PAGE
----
The 2022 federal Budget and small business

Delivering the first labor budget in almost a decade, Treasurer Tim Chalmers called it “solid, sensible and suited to the times” at the announcement on Tuesday night.

With inflation set to peak at 7.75 per cent in the December quarter, the budget delivered few surprises and mainly focused on budgetary repair, easing the cost of living concerns and supporting Australian families.

Tanya Barden, CEO of The Australian Food and Grocery Council (AFGC), praised the Albanese government’s focus on rebuilding Australian industry, which has taken hit after hit in the last few years from COVID-19, natural disasters and resulting supply chain disruptions.

“The Albanese government’s focus on investing in industry, regional growth and building the skilled workforce of the future is welcome,” she said.

“The governments $15 billion National Reconstruction Fund is a recognition of the critical importance of domestic industry and sovereign manufacturing capabilities in Australia.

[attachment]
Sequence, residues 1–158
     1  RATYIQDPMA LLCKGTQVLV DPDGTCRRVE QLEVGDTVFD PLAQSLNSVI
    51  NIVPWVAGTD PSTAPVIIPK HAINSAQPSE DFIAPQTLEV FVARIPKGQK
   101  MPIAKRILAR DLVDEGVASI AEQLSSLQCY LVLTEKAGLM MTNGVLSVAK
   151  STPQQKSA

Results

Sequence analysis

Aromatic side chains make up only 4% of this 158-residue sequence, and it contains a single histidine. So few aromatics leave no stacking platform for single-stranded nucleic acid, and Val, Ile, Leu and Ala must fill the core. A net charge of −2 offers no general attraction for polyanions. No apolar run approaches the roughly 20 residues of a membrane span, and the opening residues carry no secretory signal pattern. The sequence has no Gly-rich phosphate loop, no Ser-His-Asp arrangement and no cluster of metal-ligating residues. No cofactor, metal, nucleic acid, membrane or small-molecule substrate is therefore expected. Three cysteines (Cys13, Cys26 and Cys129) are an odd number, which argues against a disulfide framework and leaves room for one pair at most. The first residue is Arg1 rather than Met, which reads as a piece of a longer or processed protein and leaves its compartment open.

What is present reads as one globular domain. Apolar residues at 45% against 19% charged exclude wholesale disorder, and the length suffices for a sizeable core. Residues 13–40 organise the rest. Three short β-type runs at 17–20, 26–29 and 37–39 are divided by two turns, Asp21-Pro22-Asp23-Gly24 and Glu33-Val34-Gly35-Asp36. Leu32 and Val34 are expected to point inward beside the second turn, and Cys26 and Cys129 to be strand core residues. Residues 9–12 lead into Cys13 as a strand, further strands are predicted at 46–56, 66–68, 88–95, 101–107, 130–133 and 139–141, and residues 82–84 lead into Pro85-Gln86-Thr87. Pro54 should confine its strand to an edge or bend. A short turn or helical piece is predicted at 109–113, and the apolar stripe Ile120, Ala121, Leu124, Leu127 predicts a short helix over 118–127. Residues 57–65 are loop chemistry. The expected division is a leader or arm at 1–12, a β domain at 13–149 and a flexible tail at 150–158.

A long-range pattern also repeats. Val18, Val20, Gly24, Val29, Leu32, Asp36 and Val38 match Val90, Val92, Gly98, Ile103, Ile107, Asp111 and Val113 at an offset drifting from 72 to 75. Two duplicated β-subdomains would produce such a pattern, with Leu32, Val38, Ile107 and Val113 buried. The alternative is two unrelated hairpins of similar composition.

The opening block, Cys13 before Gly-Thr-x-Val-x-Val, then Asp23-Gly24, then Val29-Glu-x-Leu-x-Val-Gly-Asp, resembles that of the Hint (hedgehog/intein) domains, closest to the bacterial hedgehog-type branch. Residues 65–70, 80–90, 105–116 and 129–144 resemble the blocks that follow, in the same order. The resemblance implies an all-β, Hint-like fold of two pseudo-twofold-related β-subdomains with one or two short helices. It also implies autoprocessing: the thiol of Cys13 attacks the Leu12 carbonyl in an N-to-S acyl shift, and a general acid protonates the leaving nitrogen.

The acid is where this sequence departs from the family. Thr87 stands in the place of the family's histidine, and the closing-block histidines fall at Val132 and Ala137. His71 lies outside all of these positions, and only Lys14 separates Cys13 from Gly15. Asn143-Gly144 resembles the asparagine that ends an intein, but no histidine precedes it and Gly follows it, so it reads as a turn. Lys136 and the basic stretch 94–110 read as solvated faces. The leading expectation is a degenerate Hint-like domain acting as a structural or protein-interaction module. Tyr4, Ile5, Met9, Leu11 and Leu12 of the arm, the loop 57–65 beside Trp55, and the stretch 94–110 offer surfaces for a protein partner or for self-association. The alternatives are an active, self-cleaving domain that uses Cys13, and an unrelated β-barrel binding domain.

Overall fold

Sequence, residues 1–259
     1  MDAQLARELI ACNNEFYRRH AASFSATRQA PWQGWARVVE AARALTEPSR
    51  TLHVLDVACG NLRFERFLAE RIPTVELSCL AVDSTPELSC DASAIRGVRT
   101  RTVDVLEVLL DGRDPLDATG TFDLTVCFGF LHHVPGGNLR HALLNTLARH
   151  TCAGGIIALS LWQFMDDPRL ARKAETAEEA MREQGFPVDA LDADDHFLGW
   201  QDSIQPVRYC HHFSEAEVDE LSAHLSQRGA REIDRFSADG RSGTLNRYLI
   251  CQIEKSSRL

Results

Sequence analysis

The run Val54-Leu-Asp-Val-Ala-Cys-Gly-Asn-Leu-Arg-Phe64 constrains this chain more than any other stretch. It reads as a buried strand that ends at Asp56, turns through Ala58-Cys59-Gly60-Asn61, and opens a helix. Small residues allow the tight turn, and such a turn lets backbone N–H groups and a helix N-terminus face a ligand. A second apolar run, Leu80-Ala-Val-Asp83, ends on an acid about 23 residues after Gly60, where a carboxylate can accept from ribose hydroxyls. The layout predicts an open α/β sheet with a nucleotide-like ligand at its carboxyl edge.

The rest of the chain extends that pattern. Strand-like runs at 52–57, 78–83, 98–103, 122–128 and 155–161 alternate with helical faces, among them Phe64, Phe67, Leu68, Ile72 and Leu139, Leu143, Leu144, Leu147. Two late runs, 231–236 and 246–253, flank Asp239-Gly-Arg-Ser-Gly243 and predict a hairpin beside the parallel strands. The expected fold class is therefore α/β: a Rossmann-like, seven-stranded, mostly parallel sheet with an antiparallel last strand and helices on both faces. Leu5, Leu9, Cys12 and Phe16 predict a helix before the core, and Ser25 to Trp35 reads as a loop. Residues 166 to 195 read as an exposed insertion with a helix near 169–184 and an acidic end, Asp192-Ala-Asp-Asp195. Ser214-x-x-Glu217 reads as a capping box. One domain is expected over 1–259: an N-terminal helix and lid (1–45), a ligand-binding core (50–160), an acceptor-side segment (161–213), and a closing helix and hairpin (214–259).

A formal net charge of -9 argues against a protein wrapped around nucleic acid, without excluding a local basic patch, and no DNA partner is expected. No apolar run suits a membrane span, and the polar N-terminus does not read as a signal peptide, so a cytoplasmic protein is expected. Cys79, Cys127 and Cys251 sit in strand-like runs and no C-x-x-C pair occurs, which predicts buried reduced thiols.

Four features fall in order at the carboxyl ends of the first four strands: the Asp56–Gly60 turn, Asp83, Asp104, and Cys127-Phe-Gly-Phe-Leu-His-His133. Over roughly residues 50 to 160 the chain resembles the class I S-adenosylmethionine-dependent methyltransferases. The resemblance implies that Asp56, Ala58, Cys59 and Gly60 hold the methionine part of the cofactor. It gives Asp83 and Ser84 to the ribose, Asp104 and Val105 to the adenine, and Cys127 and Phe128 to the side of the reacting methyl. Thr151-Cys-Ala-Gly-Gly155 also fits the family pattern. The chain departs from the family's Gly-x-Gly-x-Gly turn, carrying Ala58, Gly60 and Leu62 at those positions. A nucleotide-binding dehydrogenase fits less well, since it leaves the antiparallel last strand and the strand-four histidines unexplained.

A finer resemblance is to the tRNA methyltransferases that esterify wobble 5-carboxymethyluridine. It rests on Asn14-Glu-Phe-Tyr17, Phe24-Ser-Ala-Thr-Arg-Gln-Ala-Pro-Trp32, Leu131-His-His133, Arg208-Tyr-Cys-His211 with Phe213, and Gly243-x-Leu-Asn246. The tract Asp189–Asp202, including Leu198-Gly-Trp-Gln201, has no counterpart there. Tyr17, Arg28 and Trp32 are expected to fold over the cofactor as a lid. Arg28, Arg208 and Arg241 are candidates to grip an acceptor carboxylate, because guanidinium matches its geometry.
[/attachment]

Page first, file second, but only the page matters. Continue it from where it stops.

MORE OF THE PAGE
“The AFGC represents Australia’s $133.6 billion food and grocery manufacturing industry, the largest manufacturing sector in the country, and we look forward to working with the government to help create the strong manufacturing capabilities that will secure the nations future,” said Barden.

As well as a focus on rebuilding industry, small businesses will benefit from social reforms, including greater access to childcare and paid parental leave for workers, with $4.7 billion pledged to childcare over the next four years.

As the cost of living continues to rise in conjunction with the economy slowing, the government hopes greater access to childcare support will encourage higher workforce participation as business face a continuing job and skills crisis, with job vacancies currently over 46,000.

In addition, increased permanent migration levels will be raised from 160,000 to 195,000, further helping to ease critical workforce pressures.

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